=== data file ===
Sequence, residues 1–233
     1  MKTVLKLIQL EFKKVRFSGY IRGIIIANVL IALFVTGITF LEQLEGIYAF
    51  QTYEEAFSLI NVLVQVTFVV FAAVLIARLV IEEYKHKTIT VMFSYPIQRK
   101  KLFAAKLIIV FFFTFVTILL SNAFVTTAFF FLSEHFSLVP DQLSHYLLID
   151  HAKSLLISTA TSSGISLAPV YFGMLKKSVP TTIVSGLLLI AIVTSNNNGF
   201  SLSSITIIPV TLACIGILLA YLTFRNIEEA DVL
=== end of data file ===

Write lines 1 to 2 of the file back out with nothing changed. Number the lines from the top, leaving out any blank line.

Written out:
Sequence, residues 1–233
     1  MKTVLKLIQL EFKKVRFSGY IRGIIIANVL IALFVTGITF LEQLEGIYAF